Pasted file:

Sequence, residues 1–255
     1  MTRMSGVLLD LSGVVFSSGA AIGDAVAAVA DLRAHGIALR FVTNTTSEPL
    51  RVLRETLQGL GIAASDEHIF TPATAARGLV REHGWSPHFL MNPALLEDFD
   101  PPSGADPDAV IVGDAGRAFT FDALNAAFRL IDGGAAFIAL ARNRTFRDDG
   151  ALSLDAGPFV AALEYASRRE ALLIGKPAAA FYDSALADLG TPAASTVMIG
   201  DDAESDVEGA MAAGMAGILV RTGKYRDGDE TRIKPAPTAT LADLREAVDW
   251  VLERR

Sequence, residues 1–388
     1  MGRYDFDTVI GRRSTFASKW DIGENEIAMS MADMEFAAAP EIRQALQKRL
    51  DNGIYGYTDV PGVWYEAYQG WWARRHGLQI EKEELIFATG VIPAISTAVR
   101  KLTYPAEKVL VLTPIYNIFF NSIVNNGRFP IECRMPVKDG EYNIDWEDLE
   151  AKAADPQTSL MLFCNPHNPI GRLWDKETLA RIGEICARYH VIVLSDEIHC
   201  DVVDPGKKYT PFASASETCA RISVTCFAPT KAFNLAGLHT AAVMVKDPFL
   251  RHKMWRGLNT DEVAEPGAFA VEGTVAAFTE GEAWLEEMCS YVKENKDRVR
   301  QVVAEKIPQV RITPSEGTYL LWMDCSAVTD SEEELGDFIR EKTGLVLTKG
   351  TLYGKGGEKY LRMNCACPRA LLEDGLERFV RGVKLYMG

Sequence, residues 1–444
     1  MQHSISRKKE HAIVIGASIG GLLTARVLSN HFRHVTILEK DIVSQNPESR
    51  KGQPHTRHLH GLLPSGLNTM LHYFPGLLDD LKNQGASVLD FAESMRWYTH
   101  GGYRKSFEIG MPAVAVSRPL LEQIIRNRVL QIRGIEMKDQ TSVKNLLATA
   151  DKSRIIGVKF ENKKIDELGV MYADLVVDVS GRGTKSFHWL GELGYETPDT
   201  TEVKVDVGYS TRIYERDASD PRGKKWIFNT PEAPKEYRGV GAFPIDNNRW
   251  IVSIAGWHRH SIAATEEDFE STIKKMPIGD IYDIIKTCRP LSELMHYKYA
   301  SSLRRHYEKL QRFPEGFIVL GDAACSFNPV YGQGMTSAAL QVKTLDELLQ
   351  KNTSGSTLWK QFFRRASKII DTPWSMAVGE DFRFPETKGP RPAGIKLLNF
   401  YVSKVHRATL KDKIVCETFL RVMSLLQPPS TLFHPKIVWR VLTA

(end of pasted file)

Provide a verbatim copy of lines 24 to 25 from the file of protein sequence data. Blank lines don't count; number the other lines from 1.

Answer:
   301  SSLRRHYEKL QRFPEGFIVL GDAACSFNPV YGQGMTSAAL QVKTLDELLQ
   351  KNTSGSTLWK QFFRRASKII DTPWSMAVGE DFRFPETKGP RPAGIKLLNF